When launching a startup, preparing for data loss is probably the last thing on your mind. Although most organizations consider data to be their most valuable asset, a lot of them are complacent when it comes to cybersecurity and data-loss prevention (DLP). In fact, here are some scary statistics on how small businesses handle data:
- 57% of small businesses fail to plan for data disasters.
- 20% of small to medium businesses suffer critical data loss every five years.
- Worse, 60% of these businesses shut down completely after only six months.
To avoid your company’s early demise, you need to have a proactive approach. Invest in cybersecurity platforms that can provide your online data with adequate protection. And since your entire business is on the line, you shouldn’t hesitate to develop a backup plan.
The Importance of Backups
For most entrepreneurs, creating backups serves as a failsafe in case everything else were unsuccessful in protecting their crucial data. Take note that, apart from security breaches, you can also lose your data upon accidental deletion by your web host. Social media networks, blogs, and other content distribution channels that publish your content may also shut down without warning. But if you have complete backups of all your digital assets, you can always restore the profitable and stable state of your business.
Regularly creating backups is also beneficial for maintaining complete awareness of your online content. This means you can easily repurpose or redistribute old content for maximum exposure.
To securely back up your digital assets, below are the steps to get you started:
Start with Your Website
First of all, be sure to leverage any backup services being offered by your web host. If you let them handle all your backup needs, future restoration processes—if necessary—will also be seamless and effortless from your end. However, even premium hosting companies like HostGator don’t offer a comprehensive backup service. Rather, they only provide backups as a courtesy, which means you’re not guaranteed to have your data protected.
That said, it’s better to utilize remote backup services that can automatically secure your data for a price. If you’re using a content management system like WordPress, you can also take advantage of free backup tools available straight from the plugin library.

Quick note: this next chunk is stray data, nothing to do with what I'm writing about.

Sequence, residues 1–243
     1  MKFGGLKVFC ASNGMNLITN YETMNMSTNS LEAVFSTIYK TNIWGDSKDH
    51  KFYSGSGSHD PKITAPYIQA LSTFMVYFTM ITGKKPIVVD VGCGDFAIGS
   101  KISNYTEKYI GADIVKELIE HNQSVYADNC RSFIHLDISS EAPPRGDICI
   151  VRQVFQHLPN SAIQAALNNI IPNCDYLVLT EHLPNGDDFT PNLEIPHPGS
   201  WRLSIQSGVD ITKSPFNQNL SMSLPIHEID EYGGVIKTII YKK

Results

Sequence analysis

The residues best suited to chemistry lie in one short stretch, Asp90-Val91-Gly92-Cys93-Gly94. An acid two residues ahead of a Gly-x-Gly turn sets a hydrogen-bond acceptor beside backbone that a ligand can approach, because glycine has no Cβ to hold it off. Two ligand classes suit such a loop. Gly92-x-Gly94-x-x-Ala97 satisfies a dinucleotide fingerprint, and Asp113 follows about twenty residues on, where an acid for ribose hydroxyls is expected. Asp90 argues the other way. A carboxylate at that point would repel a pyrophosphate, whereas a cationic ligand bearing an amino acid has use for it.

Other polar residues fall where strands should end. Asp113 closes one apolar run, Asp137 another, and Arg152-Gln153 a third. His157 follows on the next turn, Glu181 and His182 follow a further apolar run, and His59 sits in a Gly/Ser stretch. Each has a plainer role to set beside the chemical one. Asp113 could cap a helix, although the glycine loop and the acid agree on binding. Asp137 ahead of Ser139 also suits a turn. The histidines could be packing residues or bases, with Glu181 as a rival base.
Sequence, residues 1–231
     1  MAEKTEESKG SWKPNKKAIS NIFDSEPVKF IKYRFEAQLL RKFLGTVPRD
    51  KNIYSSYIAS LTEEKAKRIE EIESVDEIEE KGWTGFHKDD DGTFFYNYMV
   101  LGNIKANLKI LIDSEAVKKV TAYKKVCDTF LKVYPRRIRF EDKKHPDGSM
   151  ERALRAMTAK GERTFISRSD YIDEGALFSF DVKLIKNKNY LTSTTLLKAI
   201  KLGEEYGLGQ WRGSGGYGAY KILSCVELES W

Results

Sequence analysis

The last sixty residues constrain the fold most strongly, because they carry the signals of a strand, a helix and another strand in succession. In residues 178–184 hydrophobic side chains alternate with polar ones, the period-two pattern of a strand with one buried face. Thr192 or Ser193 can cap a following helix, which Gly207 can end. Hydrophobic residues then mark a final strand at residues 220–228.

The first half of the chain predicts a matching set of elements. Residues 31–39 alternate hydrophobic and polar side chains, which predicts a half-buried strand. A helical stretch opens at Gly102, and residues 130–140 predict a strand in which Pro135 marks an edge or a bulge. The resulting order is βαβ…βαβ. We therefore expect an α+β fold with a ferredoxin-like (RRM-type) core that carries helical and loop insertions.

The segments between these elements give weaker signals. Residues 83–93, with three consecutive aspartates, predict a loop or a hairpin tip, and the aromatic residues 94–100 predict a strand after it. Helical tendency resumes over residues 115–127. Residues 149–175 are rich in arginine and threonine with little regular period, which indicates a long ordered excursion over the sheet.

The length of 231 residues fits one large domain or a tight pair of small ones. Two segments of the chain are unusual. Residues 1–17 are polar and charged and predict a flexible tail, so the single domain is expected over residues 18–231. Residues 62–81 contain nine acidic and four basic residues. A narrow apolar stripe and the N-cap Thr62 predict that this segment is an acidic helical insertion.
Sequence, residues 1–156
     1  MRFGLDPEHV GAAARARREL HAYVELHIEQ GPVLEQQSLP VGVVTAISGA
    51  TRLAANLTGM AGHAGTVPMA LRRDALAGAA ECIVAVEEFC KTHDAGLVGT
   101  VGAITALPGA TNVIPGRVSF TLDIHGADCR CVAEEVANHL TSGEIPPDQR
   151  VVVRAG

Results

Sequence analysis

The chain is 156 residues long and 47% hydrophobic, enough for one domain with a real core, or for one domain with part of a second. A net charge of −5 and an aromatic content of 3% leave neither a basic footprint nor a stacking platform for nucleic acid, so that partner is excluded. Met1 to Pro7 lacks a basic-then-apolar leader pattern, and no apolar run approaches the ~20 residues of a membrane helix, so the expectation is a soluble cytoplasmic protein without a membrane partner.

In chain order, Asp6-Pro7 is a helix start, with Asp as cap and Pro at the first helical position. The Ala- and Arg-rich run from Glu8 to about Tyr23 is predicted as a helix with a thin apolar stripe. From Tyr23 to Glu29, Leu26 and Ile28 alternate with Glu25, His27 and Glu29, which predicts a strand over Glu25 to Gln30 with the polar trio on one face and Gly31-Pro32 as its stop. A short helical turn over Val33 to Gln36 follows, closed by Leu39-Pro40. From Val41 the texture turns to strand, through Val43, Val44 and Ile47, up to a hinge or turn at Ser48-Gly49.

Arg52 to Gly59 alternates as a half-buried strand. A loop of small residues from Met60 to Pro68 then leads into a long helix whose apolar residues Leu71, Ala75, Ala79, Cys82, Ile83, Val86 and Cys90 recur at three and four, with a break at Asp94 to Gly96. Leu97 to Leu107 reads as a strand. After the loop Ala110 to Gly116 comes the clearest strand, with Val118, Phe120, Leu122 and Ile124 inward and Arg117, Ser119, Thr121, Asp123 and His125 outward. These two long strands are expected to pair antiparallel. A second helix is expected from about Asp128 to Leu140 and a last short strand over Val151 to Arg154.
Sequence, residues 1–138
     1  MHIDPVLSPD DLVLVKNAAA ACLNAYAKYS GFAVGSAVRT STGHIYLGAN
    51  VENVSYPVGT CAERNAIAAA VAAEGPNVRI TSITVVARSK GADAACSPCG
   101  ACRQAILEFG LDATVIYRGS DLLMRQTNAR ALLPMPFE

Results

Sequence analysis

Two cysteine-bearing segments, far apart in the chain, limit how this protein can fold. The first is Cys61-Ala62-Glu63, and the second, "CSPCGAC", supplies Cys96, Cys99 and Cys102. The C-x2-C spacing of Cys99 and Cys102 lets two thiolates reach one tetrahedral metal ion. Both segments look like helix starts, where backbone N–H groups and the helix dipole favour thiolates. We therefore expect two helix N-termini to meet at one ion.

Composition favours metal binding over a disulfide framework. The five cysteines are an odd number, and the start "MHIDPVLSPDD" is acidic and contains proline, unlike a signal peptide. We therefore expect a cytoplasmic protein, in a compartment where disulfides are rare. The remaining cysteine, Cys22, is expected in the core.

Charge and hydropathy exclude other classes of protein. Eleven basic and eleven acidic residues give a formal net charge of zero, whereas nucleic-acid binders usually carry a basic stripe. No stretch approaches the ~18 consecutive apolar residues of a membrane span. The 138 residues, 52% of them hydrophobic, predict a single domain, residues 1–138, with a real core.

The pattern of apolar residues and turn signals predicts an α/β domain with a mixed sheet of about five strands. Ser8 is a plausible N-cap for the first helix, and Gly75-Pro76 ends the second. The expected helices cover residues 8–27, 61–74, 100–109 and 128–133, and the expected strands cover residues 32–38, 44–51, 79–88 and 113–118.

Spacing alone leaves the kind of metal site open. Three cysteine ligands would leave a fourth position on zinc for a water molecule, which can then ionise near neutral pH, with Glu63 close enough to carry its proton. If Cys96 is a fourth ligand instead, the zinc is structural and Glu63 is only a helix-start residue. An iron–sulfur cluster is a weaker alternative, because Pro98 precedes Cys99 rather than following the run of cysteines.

Backup Your Social Media Content
Major social networks like Facebook and Twitter enable users to download their account information and data for backup purposes. As an online brand, doing so will protect the continuity of your social presence even if your login credentials get compromised. But even without a backup functionality, you should at least obtain copies of your social media content for safekeeping.
Your visual content on media-sharing sites should be your priority as they are difficult to replicate in case of loss. As the account’s sole owner, it should be possible for you to save a copy of your content from sites like Pinterest, Instagram, SlideShare, and YouTube. You may, however, require third-party utilities to download Instagram videos, full-sized Pinterest pins, or any other content that are unsupported for direct saving.
To preserve the image of your brand even after a cyber-attack, you can aggregate positive feedback with a tool like MyRealKarma or collect them from hosted on external review sites. Alternatively, you can use a screenshot tool like Open Screenshot for Chrome to capture testimonials into images.
An advantage of this is that screenshots look more authentic. If possible, offer links to the original testimonial to further boost your credibility. And for storage, you can save the screenshots via cloud storage or a physical backup drive, which leads to the next and final step for secure backups:
Create Multiple Backups
You can never be too safe when it comes to the security of business data. To make sure your company survives no matter what, see to it that you have multiple off-site backups—including encrypted hard drives that you can store in secure locations.
To protect your data from unauthorized access, you can encrypt external drives and USB flash drives with utilities like BitLocker for Windows or FileVault for Mac OS. These are prebuilt features that can be found within these operating systems. You can also use encryption tools like VeraCrypt – the successor to the popular yet extinct TrueCrypt.
Sure, it’s healthy to have an optimistic mindset and expect positive outcomes in entrepreneurship – but you should leave no stone unturned when it comes to the security and sustainability of your venture.